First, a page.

Make arrangements with your vet to have your pet spayed or neutered as soon as possible. I prefer to have them spayed or neuter between 6 to 9 months of age. By spaying or neutering you are increasing the length of your pet's life by eliminating the risk of many types of cancer. A long time ago people thought that they should let female dogs come in season once before they are spayed; this is no longer the case. Most vets agree that this is unnecessary. The younger a male dog is neutered the more likely that he will not lift his leg and mark territory in your house. This can be very messy, but can also be prevented by neutering at a young age.

What is a Pedigree?

Quite simply, a pedigree is a record of the ancestors of your Yorkshire Terrier. This would start with the father (sire), the mother (dam), grandsire, granddam, great-grandsire and so on. Every dog, purebred or not, has a pedigree. To most pet owners a pedigree is meaningless. To those that show in confirmation and have a rigid breeding program, an accurate pedigree becomes quite valuable to the information it can provide.

The main function of the American Kennel Club and other similar registries is to do just that- keep track of a dogs ancestry in a reliable and accurate manner. For a registration fee, the AKC will record the name of your Yorkshire Terrier and pedigree information. The AKC registration certificate (papers) you received means that your Yorkie's information is kept on file in the AKC's records. For $30.00 will provide you with a certified pedigree. There are other pedigree services that do the same thing for far less of a fee and they gather their information to prepare the pedigree from stud books sold by the AKC for that purpose.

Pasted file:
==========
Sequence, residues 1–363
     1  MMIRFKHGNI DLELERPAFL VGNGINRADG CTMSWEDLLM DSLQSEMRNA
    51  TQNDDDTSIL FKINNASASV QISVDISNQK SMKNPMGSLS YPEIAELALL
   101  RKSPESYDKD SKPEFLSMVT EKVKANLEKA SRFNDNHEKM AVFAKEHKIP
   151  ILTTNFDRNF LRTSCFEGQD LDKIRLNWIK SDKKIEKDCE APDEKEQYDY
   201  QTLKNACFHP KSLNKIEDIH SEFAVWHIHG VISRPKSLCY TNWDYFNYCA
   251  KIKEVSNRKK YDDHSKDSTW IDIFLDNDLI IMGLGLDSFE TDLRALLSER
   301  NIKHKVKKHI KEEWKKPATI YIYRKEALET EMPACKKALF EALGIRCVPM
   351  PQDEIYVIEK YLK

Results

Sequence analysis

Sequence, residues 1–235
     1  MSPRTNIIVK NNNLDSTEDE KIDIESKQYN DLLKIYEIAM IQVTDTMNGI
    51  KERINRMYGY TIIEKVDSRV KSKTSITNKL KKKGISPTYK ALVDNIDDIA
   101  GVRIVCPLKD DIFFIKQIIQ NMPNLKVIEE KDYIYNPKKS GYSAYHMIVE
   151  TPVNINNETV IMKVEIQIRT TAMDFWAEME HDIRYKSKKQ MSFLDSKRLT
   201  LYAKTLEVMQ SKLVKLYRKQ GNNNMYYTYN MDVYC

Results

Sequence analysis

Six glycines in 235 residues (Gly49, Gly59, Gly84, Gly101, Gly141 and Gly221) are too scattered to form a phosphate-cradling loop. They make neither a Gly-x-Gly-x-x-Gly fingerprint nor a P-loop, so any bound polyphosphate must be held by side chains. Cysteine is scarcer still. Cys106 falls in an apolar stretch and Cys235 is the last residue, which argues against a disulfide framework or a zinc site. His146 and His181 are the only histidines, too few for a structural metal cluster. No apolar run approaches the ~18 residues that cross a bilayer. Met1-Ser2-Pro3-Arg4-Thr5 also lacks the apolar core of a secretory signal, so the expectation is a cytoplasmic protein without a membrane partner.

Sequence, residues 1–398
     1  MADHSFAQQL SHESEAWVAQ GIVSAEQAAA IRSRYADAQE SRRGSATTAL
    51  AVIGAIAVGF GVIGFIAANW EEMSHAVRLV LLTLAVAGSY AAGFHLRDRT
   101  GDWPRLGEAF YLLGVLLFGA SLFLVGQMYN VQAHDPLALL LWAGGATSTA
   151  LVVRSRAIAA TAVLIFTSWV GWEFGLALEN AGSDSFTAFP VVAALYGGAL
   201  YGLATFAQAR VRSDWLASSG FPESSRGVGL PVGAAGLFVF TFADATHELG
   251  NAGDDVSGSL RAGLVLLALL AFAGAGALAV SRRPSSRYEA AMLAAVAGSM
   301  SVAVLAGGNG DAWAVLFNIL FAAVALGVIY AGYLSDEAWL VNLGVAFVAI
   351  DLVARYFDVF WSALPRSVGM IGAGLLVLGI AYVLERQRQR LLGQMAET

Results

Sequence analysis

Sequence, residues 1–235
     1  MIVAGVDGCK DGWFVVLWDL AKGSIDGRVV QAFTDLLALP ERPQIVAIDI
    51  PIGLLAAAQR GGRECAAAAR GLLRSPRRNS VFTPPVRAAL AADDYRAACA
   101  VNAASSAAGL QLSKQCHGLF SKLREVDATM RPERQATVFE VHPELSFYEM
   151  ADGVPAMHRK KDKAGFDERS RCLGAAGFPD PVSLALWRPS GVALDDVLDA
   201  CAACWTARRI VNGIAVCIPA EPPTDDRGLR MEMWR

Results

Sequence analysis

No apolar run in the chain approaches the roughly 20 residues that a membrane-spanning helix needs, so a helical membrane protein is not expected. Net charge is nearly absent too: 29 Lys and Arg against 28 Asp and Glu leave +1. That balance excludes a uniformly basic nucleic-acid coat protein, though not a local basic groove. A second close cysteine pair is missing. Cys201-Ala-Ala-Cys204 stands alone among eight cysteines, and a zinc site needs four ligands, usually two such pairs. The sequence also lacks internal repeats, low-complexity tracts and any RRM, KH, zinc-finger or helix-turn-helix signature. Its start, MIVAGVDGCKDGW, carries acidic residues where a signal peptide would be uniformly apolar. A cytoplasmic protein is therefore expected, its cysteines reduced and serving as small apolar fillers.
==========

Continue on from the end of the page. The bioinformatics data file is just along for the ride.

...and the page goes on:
The AKC records the name you choose for your Yorkie to be registered (30 characters or less and no duplicate names). This certificate will show the color, sex, parentage, date of birth, breeder and owner and any titles the dog has won in AKC-sanctioned shows. When applying for registration, AKC relies on breeders and owners to be honest. This is very important. If the breeder of your Yorkie has given the AKC false information, the pedigree on your Yorkie may not be correct. Unfortunately, it's almost impossible for the AKC to verify all this information individually, although the AKC is striving for better accuracy with the recent use of DNA testing. Unless you personally know and trust the breeder, you really have no way of knowing if your Yorkie is really the one recorded on his registration papers. (This information was paraphrased from the Maltese Only home page)

Papers & Quality

Any dog that meets AKC's requirements for registration may be registered and receive "papers". The papers do not tell you if the Yorkie is of good quality or if it really is or even looks like what a Yorkie is supposed to be. All it can tell you is that your dog is registered with them as a Yorkshire Terrier and that its records are on file. Many people misunderstand this very important point. Many poor quality Yorkies not bred to the standard are AKC registered. You can't judge the quality of your Yorkie from looking only at his or her registration papers or pedigree. When puppies are whelped and the breeder registers the litter with the AKC, they in turn will send a puppy application paper for each puppy in the litter. When the time comes, the breeder will sign the puppy over to the buyer, who then can optionally register that individual puppy in his name for a fee of $12.00 and is sent a registration certificate back usually within 3 weeks with their name and their chosen name of the Yorkie. Cost of litter registration to the breeder is now $25.00 plus $2.00 for each puppy in the litter.

AKC registration means that the parents of the Yorkshire Terrier were registered as Yorkshire Terrier or it could also mean that an unethical breeder lied or was mistaken about the breeding that produced the litter. Registration itself is neither a guarantee nor even an indication of quality. This is why reputable breeders are have all their dogs, both female & male DNA certified. Every sire (male) producing seven or more litters in a lifetime or producing more than three litters in a calendar year must be 'AKC DNA Certified.'